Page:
The current and former heads of 18F agree that when it comes to digital services, the tech is often secondary at best.
The secret power of agile development for federal agencies' citizen-facing services and capabilities isn't so much getting projects done more efficiently and possibly saving money, according Environmental Protection Agency CTO Greg Godbout. It's really about seeding the government with new ideas that will take hold and steer it in a new direction for planning and acquisition and ultimately serve the public's needs, he said.
"The secret isn't agile and adoption," said Godbout, who was the first executive director of the General Services Administration's 18F innovation lab before moving to EPA. It's about the ability to learn more flexible ways to handle the ever-quickening march of technology.
Aaron Snow, another co-founder of 18F who succeeded Godbout as executive director, agreed. 18F, he said, is "really a change management office disguised as a digital services office."
"It can be hard to ask change managers for help," Snow said -- there's a sense of stigma or change that such a request means an agency has been "doing it wrong." But "it's easy to ask computer people for help," he said.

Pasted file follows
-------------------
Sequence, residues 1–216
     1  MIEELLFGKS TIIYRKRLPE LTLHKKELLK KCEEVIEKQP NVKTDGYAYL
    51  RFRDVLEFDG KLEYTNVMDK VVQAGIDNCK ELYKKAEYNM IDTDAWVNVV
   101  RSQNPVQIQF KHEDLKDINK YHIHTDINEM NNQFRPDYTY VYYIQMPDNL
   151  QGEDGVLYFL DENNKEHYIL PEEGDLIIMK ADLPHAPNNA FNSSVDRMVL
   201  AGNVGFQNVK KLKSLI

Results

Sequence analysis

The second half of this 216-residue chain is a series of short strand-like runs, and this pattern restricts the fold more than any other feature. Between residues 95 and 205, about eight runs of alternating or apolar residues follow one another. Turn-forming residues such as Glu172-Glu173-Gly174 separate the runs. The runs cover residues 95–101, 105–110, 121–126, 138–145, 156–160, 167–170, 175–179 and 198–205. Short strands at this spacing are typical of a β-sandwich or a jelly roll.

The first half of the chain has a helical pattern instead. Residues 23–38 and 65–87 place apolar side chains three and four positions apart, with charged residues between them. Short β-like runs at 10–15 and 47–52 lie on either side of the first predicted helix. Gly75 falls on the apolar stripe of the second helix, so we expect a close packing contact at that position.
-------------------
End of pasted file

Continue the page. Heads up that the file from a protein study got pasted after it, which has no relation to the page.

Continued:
Godbout and Snow both made their remarks at FCW's March 2 Citizen Engagement Summit in Washington, Godbout, who opened the event with a wide-ranging discussion with his boss, EPA CIO Ann Dunkin, urged attendees to "embrace early adopters" who have seen the results of agile development projects first hand. Those adopters, who may drawn on 18F or the U.S. Digital Service, "can replicate our results on their own," he said, and pave the way for still more adoption.
The push for agile is sometimes met with resistance that gives way once their results are experienced first-hand, Godbout said. Some managers can be "upset because someone is in their territory," he said, but "they eventually come around."
Snow, meanwhile, said implanting agile expertise in agencies is at the heart of his group's work, not so much doing all the heavy lifting of development work.
GSA's recent announcement, that 18F plans to expand its consulting and acquisition services to help federal agencies that provide grants to state and local programs, falls in line with that, he told FCW. The announcement isn't about 18F building a system for those agencies, he stressed -- it's about helping those agencies discern what they need, and possibly helping them draft a competitive agile request for proposal or work statement.
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